The TERF Debate Continues in the Radical Feminist Community


Trans-Exclusionary Radical Feminism (TERF) refers to several related tendencies in feminism that developed during the second-wave feminist movement of the late 20th century that are critical of transgender people, particularly trans women. Mainstream feminists frequently accuse the subgroup of anti-feminism and of aligning with social conservatism. The term itself is controversial, with some trans-critical feminists claiming that it is inaccurate or a slur.



The exclusion of trans people in the feminist movement coincided with the second-wave feminist movement of the 1970s. Throughout the 1970s, various influential feminists voiced their concerns about the acceptance of transgender women in the feminist community.

In 1973, writer Robin Morgan criticized transgender folksinger Beth Elliot. She said:

“I will not call a male ‘she’; thirty-two years of suffering in this androcentric society, and of surviving, have earned me the title ‘woman’; one walk down the street by a male transvestite, five minutes of his being hassled (which he may enjoy), and then he dares, he dares to think he understands our pain? No, in our mothers’ names and in our own, we must not call him sister.”

Four years later, Gloria Steinman said of trans tennis player Renée Richards, “A frightening instance of what feminism could lead to[…]living proof that feminism isn’t necessary[…]At a minimum, it was a diversion from the widespread problems of sexual inequality.”


On August 19th, 2008, blogger tigtog wrote a post, apologizing for a post regarding “MichFest,” which has been critizied in the past for their trans-exclusionary practices in 1999, which were protested by Camp Trans. In the post, tigtog is one of the earliest to use the term “TERF” in online discussion. They write, “I am aware that this decision is likely to affront some trans-exclusionary radical feminists (TERFs), but it must be said: marginalising trans women at actual risk from regularly documented abuse /violence in favour of protecting hypothetical cis women from purely hypothetical abuse/violence from trans women in women-only safe-spaces strikes me as horribly unethical as well as repellently callous.”

On March 15th, 2011, Urban Dictionary user zmas defined the terms as “That group of feminists that claims that trans women aren’t really women, as biological determinism is only a fallacy when it used against them, not when they use it against others.” Within seven years, the post (shown below) has received more than 2,000 upvotes.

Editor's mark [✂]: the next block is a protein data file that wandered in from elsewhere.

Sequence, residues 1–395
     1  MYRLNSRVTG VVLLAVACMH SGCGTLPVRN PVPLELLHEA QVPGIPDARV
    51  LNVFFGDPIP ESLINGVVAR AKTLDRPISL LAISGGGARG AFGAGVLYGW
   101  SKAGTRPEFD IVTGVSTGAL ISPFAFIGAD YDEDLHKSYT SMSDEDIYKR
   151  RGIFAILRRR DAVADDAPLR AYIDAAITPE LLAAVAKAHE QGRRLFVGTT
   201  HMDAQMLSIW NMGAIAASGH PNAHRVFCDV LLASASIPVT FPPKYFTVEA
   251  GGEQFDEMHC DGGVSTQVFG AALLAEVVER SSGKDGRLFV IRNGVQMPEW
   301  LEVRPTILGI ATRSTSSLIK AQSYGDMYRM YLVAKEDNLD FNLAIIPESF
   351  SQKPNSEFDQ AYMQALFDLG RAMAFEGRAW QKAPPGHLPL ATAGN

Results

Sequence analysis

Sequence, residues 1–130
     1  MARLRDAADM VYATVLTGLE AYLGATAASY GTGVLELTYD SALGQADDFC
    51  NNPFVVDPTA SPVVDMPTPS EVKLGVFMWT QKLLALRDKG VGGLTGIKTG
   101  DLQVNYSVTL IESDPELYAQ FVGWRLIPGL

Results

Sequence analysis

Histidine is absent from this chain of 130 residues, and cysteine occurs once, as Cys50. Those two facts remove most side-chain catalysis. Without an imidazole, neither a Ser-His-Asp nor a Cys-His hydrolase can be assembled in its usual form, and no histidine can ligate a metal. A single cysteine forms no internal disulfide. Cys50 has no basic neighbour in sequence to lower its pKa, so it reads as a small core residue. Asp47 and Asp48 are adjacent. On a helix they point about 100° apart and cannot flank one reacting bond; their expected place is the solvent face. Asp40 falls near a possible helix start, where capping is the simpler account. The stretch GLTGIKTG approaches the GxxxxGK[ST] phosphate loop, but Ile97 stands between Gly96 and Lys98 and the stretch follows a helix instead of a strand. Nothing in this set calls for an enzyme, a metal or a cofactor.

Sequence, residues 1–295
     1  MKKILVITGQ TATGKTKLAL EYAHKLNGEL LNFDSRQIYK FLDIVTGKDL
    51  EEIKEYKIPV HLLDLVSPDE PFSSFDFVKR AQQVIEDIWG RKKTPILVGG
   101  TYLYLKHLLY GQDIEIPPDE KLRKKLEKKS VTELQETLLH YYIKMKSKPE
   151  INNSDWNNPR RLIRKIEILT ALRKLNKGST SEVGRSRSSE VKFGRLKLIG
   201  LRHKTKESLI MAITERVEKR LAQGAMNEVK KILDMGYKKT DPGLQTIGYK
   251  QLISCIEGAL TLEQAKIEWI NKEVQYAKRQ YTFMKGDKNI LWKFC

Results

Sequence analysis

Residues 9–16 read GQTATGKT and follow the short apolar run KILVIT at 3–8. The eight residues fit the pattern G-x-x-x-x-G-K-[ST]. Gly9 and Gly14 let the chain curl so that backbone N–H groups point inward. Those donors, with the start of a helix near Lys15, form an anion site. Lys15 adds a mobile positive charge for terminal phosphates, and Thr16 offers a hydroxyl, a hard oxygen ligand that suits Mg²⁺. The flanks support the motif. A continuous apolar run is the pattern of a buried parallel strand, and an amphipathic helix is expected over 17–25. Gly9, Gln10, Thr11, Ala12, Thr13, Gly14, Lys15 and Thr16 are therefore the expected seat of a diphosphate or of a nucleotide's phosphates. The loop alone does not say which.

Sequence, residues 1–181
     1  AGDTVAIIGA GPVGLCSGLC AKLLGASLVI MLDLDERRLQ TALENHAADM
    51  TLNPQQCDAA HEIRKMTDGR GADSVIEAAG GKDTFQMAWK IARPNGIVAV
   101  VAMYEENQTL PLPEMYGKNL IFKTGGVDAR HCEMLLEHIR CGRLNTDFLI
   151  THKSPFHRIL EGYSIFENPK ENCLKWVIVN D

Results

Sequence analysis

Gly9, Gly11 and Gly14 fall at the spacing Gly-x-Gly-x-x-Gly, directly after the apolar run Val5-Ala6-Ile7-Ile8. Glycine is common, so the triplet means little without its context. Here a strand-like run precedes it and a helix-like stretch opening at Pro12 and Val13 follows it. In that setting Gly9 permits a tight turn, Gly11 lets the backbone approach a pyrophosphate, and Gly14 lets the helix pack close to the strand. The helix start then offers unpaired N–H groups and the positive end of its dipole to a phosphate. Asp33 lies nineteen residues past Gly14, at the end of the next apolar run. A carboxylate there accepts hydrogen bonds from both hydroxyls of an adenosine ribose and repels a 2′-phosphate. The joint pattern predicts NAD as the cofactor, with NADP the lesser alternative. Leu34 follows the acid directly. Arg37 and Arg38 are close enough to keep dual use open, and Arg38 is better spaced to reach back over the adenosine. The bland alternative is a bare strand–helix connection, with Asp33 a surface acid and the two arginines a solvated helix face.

TOP DEFINITION TERF Trans-Exclusionary Radical Feminist. That group of feminists that claims that trans women aren't really women, as biological determinism is only a fallacy when it used against them, not when they use it against others. Isn't it mindboggling that the Royal College of Psychiatrists would invite a TERF like Julie Bindel to come talk at a study day on transgenderism and transsexuality? That's like inviting Fred Phelps to come deliver the keynote at a gay pride. #feminism #sexism #transgender·sm #transsexuality #gender #identity


The term has become a controversial one within the feminist community. Many people believe that the term “TERF” is a slur, meant to ostracize those who are critical of transgender women in the feminist community. In July 2013, Samantha Allen published an article for Jacobin entitled “CounterPunch and the War on Transgender People” in which she refers to TERFs as a “hate group.”

The following month, on August 2nd, 2013, Elizabeth Hungerford, one of the women explicitly refered to in Allen’s piece, responded by calling the term a slur. She wrote, “By equating the speech of gender critical feminists with “bullying” and “contempt,” Allen materially misrepresents the positions taken by the women she references in her article. Allen actually calls for more people to recognize radical feminists as a hate group and then pointedly adopts the term Trans-Exclusionary Radical Feminist (TERF) to refer to them throughout the article. Make no mistake, this is a slur. TERF is not meant to be explanatory, but insulting. These characterizations are hyperbolic, misleading, and ultimately defamatory. They do nothing but escalate the vitriol and fail to advance the conversation in any way.”

On August 4th, 2014, The New Yorker published an article outlining the debate and ongoing animosity regarding the term. They write, “The term can be useful for making a distinction with radical feminists who do not share the same position, but those at whom it is directed consider it a slur.”

Four years later, YouTuber ContraPoints published a video of a fictional dialogue about the term. The post (shown below, left) received more than 150,000 views in less than six months.

On February 18, 2018, YouTuber Riley J. Dennis published a video entitled “What is a TERF?” The post (shown below, right) recieved more than 26,000 views in less than one month.

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